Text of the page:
- Limiting stress and getting good sleep
Following these guidelines is generally linked with improved health, no matter whether they involve a detox or not.
Safety and Side Effects
Before doing any sort of detox, it is important to consider possible side effects.
Several detox diets recommend fasting or severe calorie restriction. Short-term fasting and limited calorie intake can result in fatigue, irritability and bad breath. Long-term fasting can result in energy, vitamin and mineral deficiencies, electrolyte imbalance and even death (23).
Furthermore, colon cleansing methods, which are sometimes recommended during detoxes, can cause dehydration, cramping, bloating, nausea and vomiting (24).
Some detox diets may pose the risk of overdosing on supplements, laxatives, diuretics and even water. There is a lack of regulation and monitoring in the detox industry and many detox foods and supplements may not have any scientific basis.
Who Should Avoid Detox Diets?
Some groups of people should not start any detox programs or calorie-restricting regimens, at least not without consulting with a doctor first.
This includes children, adolescents, elderly people, the malnourished, pregnant or lactating women, and people who have blood sugar issues or medical conditions, such as diabetes or an eating disorder.
Don't Put Junk in Your Body
People encounter toxic substances all the time. Most of the time, however, your body does a perfectly good job of removing them without any additional help.
If doing a detox diet helps you to start eating and feeling better, then it is a great thing. But this probably has nothing to do with eliminating toxins, but simply the fact that you're putting less junk in your body.
A much smarter approach is to avoid putting toxic things (junk food, cigarette smoke, etc.) in your body in the first place.
This article was reposted from our media associate Authority Nutrition.
YOU MIGHT ALSO LIKE
EcoWatch Daily Newsletter
If weather is your mood, climate is your personality. That's an analogy some scientists use to help explain the difference between two words people often get mixed up.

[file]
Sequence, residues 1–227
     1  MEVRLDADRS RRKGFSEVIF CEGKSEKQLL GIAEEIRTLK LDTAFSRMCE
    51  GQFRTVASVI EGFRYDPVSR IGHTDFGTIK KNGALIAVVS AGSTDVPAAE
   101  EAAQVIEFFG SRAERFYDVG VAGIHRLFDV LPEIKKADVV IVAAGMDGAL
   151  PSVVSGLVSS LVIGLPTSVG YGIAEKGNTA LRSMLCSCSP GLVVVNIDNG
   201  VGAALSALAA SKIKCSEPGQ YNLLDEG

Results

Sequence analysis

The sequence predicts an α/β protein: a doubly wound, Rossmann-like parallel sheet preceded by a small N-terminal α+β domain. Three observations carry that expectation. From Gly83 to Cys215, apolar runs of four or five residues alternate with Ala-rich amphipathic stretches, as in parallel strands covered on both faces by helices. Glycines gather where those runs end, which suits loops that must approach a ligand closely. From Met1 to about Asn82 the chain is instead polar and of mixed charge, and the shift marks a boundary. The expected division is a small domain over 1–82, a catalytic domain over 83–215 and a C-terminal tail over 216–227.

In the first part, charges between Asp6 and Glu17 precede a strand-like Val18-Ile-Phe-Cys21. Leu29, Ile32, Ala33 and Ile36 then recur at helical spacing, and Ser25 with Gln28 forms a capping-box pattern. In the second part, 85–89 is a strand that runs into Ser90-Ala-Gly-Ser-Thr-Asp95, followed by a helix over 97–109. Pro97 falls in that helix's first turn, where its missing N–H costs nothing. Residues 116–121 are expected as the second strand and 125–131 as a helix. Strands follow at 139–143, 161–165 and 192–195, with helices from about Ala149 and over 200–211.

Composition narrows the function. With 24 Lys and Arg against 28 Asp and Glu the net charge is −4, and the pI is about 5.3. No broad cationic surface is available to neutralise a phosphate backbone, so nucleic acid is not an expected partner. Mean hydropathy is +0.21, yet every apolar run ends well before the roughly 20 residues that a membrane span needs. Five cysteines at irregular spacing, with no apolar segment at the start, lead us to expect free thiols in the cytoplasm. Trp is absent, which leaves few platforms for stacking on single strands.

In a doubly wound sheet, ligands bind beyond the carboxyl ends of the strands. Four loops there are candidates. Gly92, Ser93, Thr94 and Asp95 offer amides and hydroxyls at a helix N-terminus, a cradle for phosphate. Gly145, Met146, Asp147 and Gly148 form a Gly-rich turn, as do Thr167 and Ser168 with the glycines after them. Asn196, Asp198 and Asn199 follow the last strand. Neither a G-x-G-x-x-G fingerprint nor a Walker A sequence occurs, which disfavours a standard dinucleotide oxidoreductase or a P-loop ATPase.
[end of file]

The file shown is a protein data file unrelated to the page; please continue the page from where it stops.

Size Matters<p>Climates are a bit like woven tapestries. The big picture is important, no question. But so are all the seemingly minor details found inside the larger whole.</p><p><a href="https://research-information.bris.ac.uk/en/persons/tommaso-jucker" target="_blank">Tommaso Jucker</a> is an environmental scientist at the University of Bristol. In an email, Jucker says he'd define the term microclimate as "the suite of climatic conditions (temperature, rainfall, humidity, solar radiation) measured in localized areas, typically near the ground and at spatial scales that are directly relevant to ecological processes."</p><p>We'll talk about that last bit in a minute. But first, there's another criteria to discuss. According to some researchers, a microclimate — by definition — must differ from the larger area that surrounds it.</p><p><a href="https://www.cfc.umt.edu/research/paleoecologylab/publications/Davis_et_al_2019_Ecography.pdf" target="_blank">Forests</a> provide us with some great examples. "The climate near the ground in a tropical rainforest is dramatically different from the climate in the canopy 50 meters [164 feet] above," says University of Montana ecologist <a href="https://www.cfc.umt.edu/personnel/details.php?ID=1110" target="_blank">Solomon Dobrowski</a> in an email. "This vertical gradient among other factors allows for the staggering biodiversity we see in the tropics."</p><p>Likewise, scientists observed that a 2015 partial <a href="https://animals.howstuffworks.com/insects/bees-stopped-buzzing-during-2017-solar-eclipse.htm" target="_blank">solar eclipse</a> caused the air temperature of an Eastern European meadow to <a href="https://rmets.onlinelibrary.wiley.com/doi/full/10.1002/wea.2802" target="_blank">change more dramatically</a> than it did in a nearby forest. That's because trees provide not only shade, but their leaves also reflect solar radiation. At the same time, forests tend to reduce wind speeds.</p><p>All those factors add up. A 2019 review of 98 wooded places — spread out across five continents — found that forests are 7.2 degrees Fahrenheit (4 degrees Celsius) <a href="https://natureecoevocommunity.nature.com/posts/47363-forests-protect-animals-and-plants-against-warming" target="_blank">cooler on average</a> than the areas outside them.</p><p>Now if you hate the cold, don't worry; there's a cozy exception to the rule. According to that same study, forests are usually 1.8 degrees Fahrenheit (1 degree Celsius) warmer than the external environment during the wintertime. Pretty cool.</p>